applications, all calls have to go through an 800 number and
require long distance calling cards in addition to maintaining a
debit account. The platform is expensive, may require
modifications to the switch and is controlled by the carrier.
Some may also require deposits, a prepaid packaged amount and
high air time rates combined with an access fee. Moreover, unlike
switch-based systems, customers on switch-independent systems
cannot churn without first cutting off their service. Thomason
says this feature dramatically reduces churn. "In
switch-based systems, about 50 percent of customer bases are
churning within the first two months of service. What we’re
seeing with our phone-based system and electronic fund
transferring payment structure is only 8 percent churn within the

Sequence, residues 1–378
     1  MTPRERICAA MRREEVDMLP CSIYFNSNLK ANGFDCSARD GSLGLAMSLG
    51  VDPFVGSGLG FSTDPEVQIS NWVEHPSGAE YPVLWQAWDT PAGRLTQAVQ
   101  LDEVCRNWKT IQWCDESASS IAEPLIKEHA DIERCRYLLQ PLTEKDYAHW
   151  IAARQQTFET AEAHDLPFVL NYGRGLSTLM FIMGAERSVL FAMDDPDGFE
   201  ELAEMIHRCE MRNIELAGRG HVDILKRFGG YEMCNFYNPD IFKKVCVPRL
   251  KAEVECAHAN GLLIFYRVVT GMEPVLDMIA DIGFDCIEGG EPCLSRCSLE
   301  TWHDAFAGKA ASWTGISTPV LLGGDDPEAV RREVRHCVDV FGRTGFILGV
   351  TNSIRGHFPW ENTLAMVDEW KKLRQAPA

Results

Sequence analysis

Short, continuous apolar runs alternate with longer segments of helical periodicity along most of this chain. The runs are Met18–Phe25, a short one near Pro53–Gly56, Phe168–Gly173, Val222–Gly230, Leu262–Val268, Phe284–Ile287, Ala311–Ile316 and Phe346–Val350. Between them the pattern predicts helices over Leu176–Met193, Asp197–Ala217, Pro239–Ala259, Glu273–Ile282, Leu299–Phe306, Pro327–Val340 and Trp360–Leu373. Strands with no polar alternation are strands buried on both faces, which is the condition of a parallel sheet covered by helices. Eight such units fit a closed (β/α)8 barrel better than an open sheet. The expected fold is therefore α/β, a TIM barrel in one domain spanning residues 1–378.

first two months of activation."
Others, however, opt for the switch-based approach and its
feature advantages. "We find there’s not a lot of
flexibility when you change rates if it’s phone based. It also
limits you to the phone," Moragas says. National CommLink is
in the process of building a 30-switch national network. Its
first two switches are going up in Miami and Philadelphia, and
commercial launch is set for the beginning of this month. Moragas
says the company opted for switch-based because real-time rating
for cellular and wireless is difficult to get otherwise.
Still others, like CellComm, operate in both arenas. One
advantage phone- based systems have over switched systems is
phone-based providers avoid acquiring the underlying carrier’s
T-1 cost, which translates into lower operating costs and
increased profits, Thomas says. Moreover, the software rates each
call, and, because calls are debited against a prepaid account,
the need for a billing and collections system is eliminated.
(Prepaid resellers still require a way to manage air time used by
customers on their lines against air time that has been sold at
retail, but some companies such as Topp provide a reconciliation